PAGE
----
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Girls Aloud: Death Of A Pop Band?
Matthew Horton , June 10th, 2009 08:16

They might not be sprouting the facial hair that's the usual sign of a pop group going down the lavvy but, asks Matthew Horton, is it all over for Girls Aloud?

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On May 3rd 2009, 'Untouchable' — the nineteenth single from chrome-limbed, TV-spawned pop goddesses Girls Aloud — peaked at No.11 on the UK Singles Chart. For more than six years, each of the peerless girl group's 18 single releases had pouted and preened effortlessly into the Top 10, whether they were magical ('Biology') or mundane ('I'll Stand By You'). Anything less was unthinkable.

So what's the fuss? It was the third single from a double platinum album, and these days only Rihanna, Ne-Yo, the hardest-nosed US r'n'b playas can flog a long-player until it bleeds its blandest dregs. Girls Aloud understand the mayfly affections of the pop fan, batting out an album every year or so, keeping sound and lippy fresh, rarely spreading themselves too thin. And yet — Sound Of The Underground's third single reached No.3, What Will The Neighbours Say?'s third made No.2, Chemistry's 'See The Day' topped off at nine in a fierce Christmas market. . . .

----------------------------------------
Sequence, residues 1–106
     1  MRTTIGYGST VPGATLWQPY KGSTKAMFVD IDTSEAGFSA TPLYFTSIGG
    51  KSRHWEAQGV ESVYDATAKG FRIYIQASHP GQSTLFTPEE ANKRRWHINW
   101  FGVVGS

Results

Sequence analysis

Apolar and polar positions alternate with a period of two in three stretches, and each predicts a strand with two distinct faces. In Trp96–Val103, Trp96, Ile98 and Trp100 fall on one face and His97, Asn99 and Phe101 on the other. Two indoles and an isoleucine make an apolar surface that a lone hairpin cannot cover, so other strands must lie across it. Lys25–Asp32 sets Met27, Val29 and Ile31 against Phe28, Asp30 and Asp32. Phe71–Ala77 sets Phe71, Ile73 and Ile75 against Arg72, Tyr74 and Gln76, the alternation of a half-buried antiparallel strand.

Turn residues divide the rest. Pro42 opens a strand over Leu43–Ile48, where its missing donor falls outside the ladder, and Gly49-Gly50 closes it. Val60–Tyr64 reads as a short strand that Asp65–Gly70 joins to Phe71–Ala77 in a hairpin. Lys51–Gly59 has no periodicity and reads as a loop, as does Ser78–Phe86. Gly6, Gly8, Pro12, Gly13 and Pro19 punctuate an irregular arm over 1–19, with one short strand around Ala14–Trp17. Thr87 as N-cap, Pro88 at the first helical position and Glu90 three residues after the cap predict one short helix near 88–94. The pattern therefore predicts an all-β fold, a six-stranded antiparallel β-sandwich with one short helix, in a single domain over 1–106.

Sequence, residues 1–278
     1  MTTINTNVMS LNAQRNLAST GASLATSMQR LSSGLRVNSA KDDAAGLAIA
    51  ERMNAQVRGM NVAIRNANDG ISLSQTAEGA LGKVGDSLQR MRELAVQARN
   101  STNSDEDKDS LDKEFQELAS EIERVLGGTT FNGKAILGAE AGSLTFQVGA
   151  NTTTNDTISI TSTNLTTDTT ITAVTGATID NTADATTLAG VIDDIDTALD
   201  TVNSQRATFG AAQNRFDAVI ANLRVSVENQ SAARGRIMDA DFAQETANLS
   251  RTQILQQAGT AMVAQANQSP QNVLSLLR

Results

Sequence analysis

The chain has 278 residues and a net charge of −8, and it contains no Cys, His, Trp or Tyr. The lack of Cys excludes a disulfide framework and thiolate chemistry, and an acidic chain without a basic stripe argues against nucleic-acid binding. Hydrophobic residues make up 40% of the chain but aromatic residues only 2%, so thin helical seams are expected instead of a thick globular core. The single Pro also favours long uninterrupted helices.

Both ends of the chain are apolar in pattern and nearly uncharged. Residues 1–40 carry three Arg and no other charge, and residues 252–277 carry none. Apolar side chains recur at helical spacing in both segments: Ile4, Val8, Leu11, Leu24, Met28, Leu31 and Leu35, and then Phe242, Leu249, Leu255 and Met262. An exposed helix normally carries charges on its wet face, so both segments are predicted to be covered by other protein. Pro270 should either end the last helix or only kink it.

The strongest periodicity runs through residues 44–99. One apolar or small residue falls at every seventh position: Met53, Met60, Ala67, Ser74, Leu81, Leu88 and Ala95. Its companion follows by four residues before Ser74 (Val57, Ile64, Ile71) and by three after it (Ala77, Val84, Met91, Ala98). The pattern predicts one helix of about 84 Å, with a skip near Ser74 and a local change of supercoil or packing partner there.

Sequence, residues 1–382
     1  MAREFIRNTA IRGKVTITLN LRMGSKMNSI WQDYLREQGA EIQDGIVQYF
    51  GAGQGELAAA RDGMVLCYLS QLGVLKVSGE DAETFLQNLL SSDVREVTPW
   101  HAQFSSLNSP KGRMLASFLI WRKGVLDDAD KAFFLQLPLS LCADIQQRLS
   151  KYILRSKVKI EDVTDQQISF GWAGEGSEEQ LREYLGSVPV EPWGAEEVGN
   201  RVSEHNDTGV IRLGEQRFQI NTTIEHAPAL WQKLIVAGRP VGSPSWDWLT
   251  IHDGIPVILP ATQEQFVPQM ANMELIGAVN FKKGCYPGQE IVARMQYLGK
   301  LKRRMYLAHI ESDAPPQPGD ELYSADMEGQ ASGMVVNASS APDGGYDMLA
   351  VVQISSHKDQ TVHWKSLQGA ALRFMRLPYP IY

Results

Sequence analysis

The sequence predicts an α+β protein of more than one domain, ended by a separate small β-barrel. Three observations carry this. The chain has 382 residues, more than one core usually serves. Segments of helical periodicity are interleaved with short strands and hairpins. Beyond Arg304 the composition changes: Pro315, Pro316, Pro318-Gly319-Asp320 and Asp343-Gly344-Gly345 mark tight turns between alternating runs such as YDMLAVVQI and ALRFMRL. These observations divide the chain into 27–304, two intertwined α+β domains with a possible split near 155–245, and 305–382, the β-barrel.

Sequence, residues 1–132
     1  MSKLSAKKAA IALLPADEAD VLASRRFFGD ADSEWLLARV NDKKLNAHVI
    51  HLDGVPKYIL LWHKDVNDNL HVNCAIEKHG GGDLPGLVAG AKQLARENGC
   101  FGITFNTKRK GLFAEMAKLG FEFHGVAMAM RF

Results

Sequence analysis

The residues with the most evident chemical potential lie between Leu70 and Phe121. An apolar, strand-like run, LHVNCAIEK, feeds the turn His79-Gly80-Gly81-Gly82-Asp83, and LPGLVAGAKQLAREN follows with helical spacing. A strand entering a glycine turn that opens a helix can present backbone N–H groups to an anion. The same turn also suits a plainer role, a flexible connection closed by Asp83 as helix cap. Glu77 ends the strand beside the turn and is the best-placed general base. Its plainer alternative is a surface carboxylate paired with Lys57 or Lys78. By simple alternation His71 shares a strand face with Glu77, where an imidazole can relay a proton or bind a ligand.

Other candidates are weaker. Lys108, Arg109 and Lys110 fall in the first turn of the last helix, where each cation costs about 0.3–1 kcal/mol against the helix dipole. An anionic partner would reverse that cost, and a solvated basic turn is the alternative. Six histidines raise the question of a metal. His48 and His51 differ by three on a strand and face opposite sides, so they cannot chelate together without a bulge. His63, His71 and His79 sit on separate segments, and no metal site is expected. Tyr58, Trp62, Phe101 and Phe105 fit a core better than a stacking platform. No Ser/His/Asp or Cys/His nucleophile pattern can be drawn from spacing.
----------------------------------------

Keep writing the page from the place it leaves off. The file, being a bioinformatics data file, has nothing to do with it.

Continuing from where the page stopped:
'Untouchable' is Out Of Control's epic, a nearly-seven-minute monster (admittedly curtailed for the attention-deficit radio edit). The single was released on the eve of a grand UK tour. It was premiered at the semi-finals of ITV's Dancing On Ice in front of slack-jawed millions. The girls descended from the rafters on wires, goddammit! It was supposed to be a hit. It wasn't. Call the cleaners — the party's over.

Before you start saying that chart stats aren't everything, let's look at the pedigree. Throughout hit parade history, the nation's favourite pop bands have found that first slip out of the Top 10 awfully hard to arrest. Only Brummie bloodymindedness has kept Duran Duran on the fringes of recognition since 'Skin Trade' posted a disastrous 22 in 1987, bringing a run of 10 Top Tenners to a resounding squelch. Unsettling Scots trillers Bay City Rollers also notched 10 in a row before 'It's A Game' waded to No.16, and they barely troubled the scorers again. As for Bros, within weeks of 'Madly In Love' sloping down the chart from its miserable No.14 summit in 1990, Mrs Goss forgot she'd ever even had twins.

So much for the numbers. The relative failure of 'Untouchable' coincides with other tell-tale factors: incessant, niggling split rumours; extra-curricular activities; Nicola Roberts becoming so translucent she might as well not be there. 

They've each got one manicured toe in the escape pod. Queen Of Our Hearts Cheryl Cole has feathered her nest now with moist-mascara'd turns on The X Factor, and Nadine Coyle has pinpointed exactly what the US needs: a range of Irish theme bars. Sarah Harding's flirting with solo mediocrity, Nicola's obviously disappearing and Kimberley Walsh — well, no one notices poor Kimberley anyway.